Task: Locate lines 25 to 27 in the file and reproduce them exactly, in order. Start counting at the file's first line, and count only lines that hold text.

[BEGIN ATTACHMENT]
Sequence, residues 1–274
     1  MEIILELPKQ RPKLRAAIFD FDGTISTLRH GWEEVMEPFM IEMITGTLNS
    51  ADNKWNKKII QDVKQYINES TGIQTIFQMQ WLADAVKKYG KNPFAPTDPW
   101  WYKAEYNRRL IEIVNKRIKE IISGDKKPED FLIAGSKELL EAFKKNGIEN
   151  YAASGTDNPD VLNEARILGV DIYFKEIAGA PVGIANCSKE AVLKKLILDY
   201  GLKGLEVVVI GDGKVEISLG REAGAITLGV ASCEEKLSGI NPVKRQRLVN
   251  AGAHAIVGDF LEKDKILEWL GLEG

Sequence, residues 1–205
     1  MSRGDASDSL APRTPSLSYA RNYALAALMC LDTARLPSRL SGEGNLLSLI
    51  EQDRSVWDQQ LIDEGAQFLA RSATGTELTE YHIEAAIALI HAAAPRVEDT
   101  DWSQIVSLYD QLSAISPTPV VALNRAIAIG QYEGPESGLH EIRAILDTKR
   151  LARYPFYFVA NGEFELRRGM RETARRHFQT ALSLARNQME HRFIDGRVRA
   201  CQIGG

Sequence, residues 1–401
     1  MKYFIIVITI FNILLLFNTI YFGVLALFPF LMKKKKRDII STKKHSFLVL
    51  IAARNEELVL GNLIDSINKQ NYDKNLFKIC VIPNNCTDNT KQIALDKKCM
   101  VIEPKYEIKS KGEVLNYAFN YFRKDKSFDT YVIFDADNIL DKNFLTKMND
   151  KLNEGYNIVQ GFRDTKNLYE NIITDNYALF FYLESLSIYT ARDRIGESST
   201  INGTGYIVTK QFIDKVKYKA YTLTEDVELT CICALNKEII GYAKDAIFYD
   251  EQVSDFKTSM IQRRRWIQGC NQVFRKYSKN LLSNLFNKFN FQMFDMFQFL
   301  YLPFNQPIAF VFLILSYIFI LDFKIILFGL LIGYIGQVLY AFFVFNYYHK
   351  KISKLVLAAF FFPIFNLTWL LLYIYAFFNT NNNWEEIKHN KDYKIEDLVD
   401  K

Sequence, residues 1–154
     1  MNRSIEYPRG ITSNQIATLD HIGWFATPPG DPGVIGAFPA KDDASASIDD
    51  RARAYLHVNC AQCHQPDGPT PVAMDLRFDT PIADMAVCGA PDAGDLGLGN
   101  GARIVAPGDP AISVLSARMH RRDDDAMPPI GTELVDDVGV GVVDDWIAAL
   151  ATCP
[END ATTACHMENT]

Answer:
     1  MNRSIEYPRG ITSNQIATLD HIGWFATPPG DPGVIGAFPA KDDASASIDD
    51  RARAYLHVNC AQCHQPDGPT PVAMDLRFDT PIADMAVCGA PDAGDLGLGN
   101  GARIVAPGDP AISVLSARMH RRDDDAMPPI GTELVDDVGV GVVDDWIAAL